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The Police's First New York Show in Twenty-Four Years: A Trio Playing In Sync

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It was obvious from the opening crash and sprint of "Message in a Bottle" — the first number of the Police's August 1st show at Madison Square Garden — that two ingredients missing from Sting's solo life for the past two decades have been a drummer that plays too fast and a guitarist with elastic ideas about harmonics and an aversion to conventional chords.

There would be no Police reunion this year if Sting had not willed it. The band made him a superstar, and he has never been embarrassed to wield that clout, even as his own records have explored worlds far away, and even a few centuries back, from the lean power-trio dynamics of the Police's Econoline-van years. But at the Garden, the group's first New York City show since 1983, Sting was not the main attraction. He was, with drummer Stewart Copeland and guitarist Andy Summers, one-third of an extraordinary rhythm-and-hit-chorus machine. Copeland and Summers needed Sting to say yes to this tour. But Sting needed them to make his greatest hits — "Roxanne," "Can't Stand Losing You," "Synchronicity II," even that maypole-dance hook in "Every Little Thing She Does Is Magic" — boom and glow like rock again.

Frankly, it was hard to tell how much of the new minutiae I saw Sting drilling into the old arrangements, during the Police's Vancouver rehearsals three months ago, had survived the first two months of concerts. Two songs from early set lists, "Spirits in the Material World" and "Murder by Numbers," didn't even make it to New York. But there was no missing the transformative drama of Copeland's tom-tom bombs in "Driven to Tears" and Summers' shivering-Hendrix screams in the Jamaican galactica of "Walking on the Moon." There isn't much of a song in "The Bed's Too Big Without You," just white-reggae anguish and the unison gunfire of the vocal, guitar and drums in the chorus, just before the last two words. But that rat-a-tat erupted in the Garden's echo like the St. Valentine's Day Massacre.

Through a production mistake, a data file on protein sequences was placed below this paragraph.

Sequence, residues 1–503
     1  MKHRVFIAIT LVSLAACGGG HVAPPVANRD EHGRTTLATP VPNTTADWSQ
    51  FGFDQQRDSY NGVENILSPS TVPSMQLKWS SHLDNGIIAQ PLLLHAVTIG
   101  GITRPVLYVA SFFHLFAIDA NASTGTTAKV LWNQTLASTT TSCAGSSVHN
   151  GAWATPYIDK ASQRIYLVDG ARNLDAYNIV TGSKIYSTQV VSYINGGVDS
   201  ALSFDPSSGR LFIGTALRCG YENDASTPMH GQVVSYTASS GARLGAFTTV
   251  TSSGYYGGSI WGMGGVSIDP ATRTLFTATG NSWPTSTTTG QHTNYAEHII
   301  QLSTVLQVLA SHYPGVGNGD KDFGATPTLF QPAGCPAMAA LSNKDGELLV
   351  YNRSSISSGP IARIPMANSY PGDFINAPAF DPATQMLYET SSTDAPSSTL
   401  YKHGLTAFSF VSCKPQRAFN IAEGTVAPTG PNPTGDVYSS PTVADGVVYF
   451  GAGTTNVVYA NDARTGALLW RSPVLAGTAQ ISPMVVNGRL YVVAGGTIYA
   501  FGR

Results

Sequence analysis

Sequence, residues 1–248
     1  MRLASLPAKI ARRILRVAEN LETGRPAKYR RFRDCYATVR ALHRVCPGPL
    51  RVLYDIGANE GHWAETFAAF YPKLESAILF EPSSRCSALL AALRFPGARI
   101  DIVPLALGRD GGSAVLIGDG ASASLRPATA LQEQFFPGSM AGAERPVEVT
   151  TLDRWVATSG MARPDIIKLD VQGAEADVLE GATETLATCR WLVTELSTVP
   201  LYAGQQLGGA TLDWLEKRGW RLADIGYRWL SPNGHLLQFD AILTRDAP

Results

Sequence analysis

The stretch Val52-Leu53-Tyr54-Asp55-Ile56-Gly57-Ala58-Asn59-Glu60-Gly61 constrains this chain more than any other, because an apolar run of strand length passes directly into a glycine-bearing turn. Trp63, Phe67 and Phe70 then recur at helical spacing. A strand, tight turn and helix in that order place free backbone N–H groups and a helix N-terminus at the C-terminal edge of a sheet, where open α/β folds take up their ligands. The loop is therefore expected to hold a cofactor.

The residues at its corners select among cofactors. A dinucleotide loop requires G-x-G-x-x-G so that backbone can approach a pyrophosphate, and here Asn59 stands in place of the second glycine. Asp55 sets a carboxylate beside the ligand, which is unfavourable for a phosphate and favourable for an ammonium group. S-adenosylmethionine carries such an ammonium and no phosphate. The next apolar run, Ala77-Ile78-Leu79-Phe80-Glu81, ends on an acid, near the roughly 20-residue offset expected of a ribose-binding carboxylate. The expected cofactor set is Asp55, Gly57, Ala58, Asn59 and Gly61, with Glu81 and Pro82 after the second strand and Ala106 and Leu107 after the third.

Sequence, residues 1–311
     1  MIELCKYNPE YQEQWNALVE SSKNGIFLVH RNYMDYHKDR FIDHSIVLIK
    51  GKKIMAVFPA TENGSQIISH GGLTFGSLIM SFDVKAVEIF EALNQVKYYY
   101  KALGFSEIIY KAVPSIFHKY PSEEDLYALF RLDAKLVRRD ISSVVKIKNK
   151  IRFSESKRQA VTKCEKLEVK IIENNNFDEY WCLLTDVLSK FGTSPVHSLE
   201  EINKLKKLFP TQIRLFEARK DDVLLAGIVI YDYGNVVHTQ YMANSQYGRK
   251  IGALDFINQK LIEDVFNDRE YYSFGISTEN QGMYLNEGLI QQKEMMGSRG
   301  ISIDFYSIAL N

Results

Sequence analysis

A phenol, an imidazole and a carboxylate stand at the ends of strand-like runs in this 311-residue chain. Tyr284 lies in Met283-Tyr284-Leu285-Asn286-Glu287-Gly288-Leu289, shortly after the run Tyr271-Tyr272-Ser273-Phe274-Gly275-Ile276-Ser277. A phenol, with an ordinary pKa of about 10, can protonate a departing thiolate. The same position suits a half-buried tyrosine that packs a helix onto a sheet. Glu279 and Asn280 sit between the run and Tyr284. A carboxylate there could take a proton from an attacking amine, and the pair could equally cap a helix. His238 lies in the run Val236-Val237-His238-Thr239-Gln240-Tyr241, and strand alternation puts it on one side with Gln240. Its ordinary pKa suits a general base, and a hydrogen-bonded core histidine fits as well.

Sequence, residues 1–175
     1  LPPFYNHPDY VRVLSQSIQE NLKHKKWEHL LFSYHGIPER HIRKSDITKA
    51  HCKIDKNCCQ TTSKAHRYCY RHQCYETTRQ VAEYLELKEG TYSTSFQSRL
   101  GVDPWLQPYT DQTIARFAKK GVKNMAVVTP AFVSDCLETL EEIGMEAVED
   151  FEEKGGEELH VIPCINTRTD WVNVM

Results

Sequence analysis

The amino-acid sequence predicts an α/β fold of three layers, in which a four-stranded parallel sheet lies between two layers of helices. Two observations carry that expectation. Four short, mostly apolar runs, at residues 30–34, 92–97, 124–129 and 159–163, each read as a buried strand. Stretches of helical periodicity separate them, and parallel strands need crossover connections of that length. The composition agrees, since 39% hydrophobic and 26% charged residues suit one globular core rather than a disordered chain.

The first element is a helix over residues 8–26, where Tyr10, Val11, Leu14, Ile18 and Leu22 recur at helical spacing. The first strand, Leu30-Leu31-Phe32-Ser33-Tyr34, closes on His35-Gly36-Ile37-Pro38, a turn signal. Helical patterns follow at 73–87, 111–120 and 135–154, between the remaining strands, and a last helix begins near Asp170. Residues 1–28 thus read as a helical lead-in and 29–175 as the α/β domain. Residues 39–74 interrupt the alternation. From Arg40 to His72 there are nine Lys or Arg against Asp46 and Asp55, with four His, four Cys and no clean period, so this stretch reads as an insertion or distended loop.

Sting's high, keening voice was an enduring miracle in itself. He has not had much occasion on recent solo records to push it that hard, and that far up, but he did not coast through first-Police-album grenades such as "So Lonely" or "Truth Hits Everybody" in noticeably lower keys or tempered speeds. And in the constant sing-along by the crowd, you could hear Sting's triumph as the Police's dominant songwriter: how he used jazzy flourishes and rhythmic turnarounds that broke most Top Forty-radio laws to make punk-driven, pop-wise platinum. The Police were the biggest band of the New Wave era; Sting delivered the songs to get them there.

He still sings many of them in his own shows, often in different, more careful form. But at the Garden, he played the songs with Copeland and Summers the way the three invented them together — with arresting force.

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ABOUT THIS BLOG

David Fricke

Rolling Stone senior writer David Fricke has more than 10,000 albums in his New York apartment. His first record review for the magazine was Frank Zappa's 'Sheik Yerbouti' (RS 290).

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